RF signal processors are pretty commonplace in consumer electronics. Which is exactly why it's exciting that two MIT researchers have created a super-radio based around the function of the human ear that's substantially faster and 100x more power efficient than today's signal processors.
The inner ear is able to take in all the noise in a surrounding area, and adapt how it processes the sound accordingly. Gizmag says that in a similar fashion, the RF Cochlea is able to analyse a wide range of frequencies, and maximize how it routes data for maximum bandwidth and minimal power consumption. In testing, these designs have been faster than anything they've ever seen before.
What this means for the rest of us is the development of faster, smarter radios for signals such as television channels, mobile phones, wi-fi, etc... These "smart radios" could not only take unused bandwidth from one application and put it to work in another, but they could also learn to avoid certain frequencies based on the radio waves in their current location. The end result would be stronger, clearer wireless signals.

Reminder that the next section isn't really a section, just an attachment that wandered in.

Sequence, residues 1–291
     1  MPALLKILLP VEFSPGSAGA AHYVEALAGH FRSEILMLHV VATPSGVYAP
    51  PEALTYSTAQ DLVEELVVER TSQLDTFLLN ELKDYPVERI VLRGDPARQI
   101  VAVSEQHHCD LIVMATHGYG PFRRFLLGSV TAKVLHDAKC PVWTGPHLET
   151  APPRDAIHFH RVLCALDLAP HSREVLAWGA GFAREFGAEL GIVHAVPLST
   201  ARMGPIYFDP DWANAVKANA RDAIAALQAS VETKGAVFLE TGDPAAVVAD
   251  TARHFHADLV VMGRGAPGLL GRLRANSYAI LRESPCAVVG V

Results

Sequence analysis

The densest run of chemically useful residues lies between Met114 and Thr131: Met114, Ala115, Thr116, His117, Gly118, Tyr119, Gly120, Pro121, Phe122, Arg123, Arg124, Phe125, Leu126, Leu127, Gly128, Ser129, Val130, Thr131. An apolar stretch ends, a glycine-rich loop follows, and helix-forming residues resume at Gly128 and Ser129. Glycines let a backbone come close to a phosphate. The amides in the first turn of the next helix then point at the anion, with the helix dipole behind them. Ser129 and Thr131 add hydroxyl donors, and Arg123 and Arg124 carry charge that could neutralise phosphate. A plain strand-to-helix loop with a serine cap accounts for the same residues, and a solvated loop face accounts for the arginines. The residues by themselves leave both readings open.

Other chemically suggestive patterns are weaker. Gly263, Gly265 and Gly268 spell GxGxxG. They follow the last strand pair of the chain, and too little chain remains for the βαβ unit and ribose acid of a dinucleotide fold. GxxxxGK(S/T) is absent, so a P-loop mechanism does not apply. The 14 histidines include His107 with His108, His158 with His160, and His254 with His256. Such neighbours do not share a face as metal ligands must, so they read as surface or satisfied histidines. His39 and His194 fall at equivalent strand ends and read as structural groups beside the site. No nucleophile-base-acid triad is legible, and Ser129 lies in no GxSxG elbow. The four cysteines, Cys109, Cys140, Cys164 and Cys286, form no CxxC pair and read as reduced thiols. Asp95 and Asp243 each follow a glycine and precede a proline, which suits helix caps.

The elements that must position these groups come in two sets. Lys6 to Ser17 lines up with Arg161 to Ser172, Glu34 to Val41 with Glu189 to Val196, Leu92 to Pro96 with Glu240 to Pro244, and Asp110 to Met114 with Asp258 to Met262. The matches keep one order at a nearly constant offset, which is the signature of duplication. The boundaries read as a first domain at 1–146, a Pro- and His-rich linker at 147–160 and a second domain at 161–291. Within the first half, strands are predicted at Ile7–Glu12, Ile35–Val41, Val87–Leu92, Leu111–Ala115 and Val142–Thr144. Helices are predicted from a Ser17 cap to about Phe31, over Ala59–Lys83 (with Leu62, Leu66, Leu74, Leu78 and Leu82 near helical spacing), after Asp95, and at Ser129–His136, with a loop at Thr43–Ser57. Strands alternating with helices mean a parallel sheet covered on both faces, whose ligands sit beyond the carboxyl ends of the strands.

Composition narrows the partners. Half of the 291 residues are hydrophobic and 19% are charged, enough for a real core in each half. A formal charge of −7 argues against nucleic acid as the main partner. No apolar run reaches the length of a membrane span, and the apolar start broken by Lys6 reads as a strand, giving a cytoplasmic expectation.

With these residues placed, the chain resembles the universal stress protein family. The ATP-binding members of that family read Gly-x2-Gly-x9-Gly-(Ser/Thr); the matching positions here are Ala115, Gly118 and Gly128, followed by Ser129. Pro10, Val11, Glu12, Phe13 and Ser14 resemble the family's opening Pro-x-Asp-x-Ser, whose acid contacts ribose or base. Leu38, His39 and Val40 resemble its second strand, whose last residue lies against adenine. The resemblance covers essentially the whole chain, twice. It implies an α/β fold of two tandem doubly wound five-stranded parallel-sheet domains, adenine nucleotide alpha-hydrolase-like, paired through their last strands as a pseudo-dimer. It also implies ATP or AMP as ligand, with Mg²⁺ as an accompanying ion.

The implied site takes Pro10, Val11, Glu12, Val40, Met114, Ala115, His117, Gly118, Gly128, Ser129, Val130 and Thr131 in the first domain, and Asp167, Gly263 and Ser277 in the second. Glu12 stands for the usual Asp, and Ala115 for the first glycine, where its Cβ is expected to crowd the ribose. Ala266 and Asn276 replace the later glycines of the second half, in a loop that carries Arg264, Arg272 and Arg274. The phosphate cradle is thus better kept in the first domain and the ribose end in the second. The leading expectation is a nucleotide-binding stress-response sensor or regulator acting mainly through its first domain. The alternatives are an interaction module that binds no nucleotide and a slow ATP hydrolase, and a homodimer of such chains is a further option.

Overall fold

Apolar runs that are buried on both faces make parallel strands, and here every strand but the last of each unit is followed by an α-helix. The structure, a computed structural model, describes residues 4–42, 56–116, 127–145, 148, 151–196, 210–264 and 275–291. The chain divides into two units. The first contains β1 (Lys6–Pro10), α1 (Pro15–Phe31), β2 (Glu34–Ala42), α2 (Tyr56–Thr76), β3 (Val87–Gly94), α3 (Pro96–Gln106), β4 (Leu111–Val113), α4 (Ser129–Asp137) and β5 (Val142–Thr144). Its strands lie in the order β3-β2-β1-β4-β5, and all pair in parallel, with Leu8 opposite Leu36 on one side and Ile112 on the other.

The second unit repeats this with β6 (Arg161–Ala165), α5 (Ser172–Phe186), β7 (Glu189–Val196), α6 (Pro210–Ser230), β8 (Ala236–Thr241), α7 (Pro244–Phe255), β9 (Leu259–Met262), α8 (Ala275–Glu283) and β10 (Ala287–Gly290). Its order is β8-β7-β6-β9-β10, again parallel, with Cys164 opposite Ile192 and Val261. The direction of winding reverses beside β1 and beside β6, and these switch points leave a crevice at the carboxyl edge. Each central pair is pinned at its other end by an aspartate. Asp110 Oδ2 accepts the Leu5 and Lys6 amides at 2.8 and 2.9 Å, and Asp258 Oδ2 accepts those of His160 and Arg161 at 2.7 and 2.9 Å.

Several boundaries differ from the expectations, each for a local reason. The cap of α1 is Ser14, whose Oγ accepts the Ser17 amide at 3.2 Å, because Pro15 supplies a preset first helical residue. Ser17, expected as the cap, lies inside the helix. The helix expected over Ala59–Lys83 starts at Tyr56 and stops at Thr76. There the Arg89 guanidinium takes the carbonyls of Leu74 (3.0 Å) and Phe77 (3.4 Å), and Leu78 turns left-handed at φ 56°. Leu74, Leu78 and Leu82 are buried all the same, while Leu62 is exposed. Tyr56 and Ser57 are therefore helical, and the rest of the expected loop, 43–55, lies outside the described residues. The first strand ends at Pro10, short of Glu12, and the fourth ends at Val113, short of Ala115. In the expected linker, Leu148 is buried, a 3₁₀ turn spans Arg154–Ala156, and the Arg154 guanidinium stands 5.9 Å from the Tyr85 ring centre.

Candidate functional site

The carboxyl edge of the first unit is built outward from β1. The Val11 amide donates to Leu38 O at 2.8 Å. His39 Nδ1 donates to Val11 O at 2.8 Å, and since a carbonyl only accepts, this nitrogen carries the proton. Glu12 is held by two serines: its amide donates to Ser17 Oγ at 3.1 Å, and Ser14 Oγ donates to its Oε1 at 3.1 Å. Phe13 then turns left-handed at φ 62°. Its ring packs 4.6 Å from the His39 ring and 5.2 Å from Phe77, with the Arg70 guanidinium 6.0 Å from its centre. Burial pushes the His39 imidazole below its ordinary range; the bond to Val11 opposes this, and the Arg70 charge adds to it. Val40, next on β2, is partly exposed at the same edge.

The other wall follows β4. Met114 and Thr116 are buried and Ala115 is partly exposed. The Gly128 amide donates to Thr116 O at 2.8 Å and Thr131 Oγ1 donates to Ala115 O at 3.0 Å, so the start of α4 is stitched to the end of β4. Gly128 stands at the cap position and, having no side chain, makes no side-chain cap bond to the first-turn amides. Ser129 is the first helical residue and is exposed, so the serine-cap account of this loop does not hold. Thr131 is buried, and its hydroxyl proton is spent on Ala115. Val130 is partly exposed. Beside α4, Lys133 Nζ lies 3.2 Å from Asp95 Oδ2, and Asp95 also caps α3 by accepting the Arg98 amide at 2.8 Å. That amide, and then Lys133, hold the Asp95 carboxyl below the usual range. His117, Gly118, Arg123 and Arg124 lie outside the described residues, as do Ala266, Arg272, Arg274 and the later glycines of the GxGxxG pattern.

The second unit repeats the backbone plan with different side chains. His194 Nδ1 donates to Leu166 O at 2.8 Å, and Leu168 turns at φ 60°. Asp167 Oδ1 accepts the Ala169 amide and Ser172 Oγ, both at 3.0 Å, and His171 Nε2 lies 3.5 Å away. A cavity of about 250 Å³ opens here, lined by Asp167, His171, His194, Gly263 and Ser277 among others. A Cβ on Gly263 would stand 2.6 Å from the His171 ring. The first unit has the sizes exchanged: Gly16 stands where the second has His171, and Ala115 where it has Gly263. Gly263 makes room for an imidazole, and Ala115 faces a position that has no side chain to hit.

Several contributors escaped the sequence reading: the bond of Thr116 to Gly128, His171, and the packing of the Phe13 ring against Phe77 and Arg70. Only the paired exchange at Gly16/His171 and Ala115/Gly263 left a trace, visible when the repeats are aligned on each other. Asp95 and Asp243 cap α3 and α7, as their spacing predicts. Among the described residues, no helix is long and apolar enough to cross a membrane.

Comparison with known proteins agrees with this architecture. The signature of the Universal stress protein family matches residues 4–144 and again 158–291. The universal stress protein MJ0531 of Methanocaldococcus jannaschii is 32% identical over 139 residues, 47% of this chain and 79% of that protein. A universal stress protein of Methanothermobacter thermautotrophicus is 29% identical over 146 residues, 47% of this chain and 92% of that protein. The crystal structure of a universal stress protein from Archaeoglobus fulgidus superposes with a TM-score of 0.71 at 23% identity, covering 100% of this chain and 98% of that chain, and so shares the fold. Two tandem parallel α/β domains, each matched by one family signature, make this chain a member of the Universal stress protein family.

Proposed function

The researchers also think it would be possible to commercialise this technology within a couple of years, if someone was so motivated. I like that. [Gizmag]